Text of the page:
Author Topic: Vanguard Admiral Shares(VFIAX) vs ETF (VOO), what's better?  (Read 5361 times)

andysandp

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I have been buying Vanguard VFIAX, but recently my friend said buying ETFs  (VOO) is better?

What makes VOO better then VFIAX?  Or what makes ETF's better?

extremedefense

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Re: Vanguard Admiral Shares(VFIAX) vs ETF (VOO), what's better?
« Reply #1 on: May 28, 2017, 06:48:59 AM »
I have been buying Vanguard VFIAX, but recently my friend said buying ETFs  (VOO) is better?

What makes VOO better then VFIAX?  Or what makes ETF's better?
I get free etf trades with my brokerage account, and the difference is that a mutual fund, after the buy in (3k, 5k, 10k whatever), you can purchase any dollar amount, but the ETF you have to buy whole shares. So if VOO costs $220, you have to buy a whole share (multiple of 220) or none at all. The benefit is that you get to pick the price you purchase the ETF at since it's traded as a stock. With the mutual fund, you buy some, and it's traded at the end of the day whatever it closes at, so it could go up or down and you have less control over what the price is.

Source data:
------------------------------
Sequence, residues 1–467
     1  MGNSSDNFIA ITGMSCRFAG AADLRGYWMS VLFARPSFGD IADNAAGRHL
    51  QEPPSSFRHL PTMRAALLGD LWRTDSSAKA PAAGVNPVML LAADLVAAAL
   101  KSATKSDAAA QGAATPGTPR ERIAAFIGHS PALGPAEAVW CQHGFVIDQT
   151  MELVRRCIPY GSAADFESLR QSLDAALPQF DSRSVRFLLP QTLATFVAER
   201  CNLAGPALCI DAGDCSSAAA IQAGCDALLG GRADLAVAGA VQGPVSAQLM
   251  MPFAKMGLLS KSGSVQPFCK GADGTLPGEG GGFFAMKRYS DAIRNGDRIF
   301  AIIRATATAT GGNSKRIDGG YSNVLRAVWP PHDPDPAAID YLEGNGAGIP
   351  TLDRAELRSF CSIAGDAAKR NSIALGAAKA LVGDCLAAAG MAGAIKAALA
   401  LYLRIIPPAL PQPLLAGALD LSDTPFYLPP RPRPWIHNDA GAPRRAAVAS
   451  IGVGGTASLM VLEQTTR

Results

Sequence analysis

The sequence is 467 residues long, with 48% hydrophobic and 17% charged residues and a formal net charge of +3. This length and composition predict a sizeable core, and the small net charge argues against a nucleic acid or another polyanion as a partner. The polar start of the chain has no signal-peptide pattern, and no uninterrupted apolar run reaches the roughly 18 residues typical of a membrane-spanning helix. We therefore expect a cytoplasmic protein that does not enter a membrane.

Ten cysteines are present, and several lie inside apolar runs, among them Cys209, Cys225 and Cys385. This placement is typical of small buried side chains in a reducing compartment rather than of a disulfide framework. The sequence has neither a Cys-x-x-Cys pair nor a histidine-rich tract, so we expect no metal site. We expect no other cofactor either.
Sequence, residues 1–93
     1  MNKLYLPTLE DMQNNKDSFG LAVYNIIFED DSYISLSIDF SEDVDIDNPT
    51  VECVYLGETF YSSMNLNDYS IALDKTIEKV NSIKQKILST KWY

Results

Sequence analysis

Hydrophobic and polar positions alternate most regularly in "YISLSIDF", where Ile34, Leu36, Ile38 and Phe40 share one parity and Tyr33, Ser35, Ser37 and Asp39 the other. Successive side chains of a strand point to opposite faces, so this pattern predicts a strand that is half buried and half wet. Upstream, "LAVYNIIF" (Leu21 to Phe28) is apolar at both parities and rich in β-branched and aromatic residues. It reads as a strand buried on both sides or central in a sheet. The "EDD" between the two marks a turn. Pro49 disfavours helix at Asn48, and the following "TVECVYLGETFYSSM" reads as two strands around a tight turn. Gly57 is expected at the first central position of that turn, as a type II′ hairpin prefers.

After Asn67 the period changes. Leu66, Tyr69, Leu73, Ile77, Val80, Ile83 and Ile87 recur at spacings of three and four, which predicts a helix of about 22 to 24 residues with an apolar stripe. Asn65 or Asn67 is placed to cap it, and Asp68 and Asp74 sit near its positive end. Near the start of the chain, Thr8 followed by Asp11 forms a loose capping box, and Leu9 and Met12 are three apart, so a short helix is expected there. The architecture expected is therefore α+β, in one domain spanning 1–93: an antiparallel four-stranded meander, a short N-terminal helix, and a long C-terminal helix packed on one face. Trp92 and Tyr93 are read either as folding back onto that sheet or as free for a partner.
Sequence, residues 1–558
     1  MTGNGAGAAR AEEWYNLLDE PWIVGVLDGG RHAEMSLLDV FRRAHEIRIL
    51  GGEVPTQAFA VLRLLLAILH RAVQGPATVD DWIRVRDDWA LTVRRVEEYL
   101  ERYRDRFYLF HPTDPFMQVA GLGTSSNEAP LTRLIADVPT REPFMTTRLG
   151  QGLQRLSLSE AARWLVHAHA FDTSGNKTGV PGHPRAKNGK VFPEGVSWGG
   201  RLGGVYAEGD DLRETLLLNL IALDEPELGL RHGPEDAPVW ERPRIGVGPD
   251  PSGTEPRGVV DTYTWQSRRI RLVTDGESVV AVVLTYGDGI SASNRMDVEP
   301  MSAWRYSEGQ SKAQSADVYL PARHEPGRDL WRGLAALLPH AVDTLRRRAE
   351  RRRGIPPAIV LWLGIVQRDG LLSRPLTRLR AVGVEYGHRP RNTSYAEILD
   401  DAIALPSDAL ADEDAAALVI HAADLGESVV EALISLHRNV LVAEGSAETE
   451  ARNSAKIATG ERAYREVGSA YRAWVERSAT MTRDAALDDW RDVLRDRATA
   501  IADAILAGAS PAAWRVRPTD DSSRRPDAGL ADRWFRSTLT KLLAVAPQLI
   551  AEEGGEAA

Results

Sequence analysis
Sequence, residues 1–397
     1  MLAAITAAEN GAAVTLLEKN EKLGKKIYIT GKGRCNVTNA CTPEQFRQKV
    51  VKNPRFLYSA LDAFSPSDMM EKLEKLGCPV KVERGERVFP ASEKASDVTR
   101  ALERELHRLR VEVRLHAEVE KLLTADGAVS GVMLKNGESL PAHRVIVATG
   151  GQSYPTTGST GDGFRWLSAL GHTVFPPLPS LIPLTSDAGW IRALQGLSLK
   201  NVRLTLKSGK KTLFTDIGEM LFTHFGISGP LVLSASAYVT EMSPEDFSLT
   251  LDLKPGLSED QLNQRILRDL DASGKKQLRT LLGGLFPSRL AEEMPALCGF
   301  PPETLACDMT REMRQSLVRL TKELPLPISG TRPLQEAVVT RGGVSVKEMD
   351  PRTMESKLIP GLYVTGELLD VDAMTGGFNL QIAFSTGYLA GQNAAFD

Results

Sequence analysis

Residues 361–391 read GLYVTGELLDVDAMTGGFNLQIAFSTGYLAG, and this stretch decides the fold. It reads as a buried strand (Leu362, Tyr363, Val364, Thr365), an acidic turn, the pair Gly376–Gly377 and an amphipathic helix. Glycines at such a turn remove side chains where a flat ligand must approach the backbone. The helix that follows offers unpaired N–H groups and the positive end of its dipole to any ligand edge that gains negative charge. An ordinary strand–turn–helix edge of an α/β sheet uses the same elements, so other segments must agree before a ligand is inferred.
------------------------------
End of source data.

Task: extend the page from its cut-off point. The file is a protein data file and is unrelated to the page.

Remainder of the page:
That's as far as I understand it..

Edit: also, you don't have to buy $10k or any minimum for the etf, only the price of the current share. So if you don't have the minimum but want that low expense ratio, I'd go etf not mutual fund.
« Last Edit: May 28, 2017, 06:50:38 AM by extremedefense »

respond2u

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Re: Vanguard Admiral Shares(VFIAX) vs ETF (VOO), what's better?
« Reply #2 on: May 28, 2017, 05:38:42 PM »
10K invested in VFIAX for the last 5 years is now $18,950.

10K invested in VOO for the last 5 years is now $18,950.

(VOO hasn't been around for 10 years, so I couldn't do that comparison. I used schwab.com as fidelity "didn't recognized" VFIAX.)

I didn't imagine that the returns would be within pennies. It's the return (and risk) that matters, not the management fee. Rarely does the cost to purchase matter--but in this case it does. There might also be a cost for redemption for VFIAX?

As for the differences between a low-cost mutual fund and ETF, the most compelling one I know of is that mutual funds trade at the end of the day so you can't take full advantages of flash crashes. It also means that if you want to transfer money from the mutual fund, there are potentially 2 or 3 days where you won't know how things wind up (sell, wait for processing at end of day, possibly one day idle, then buy at end of next day).

OTOH, mutual funds trade only at the end of the day, so you're protected somewhat against impulsive buying and selling.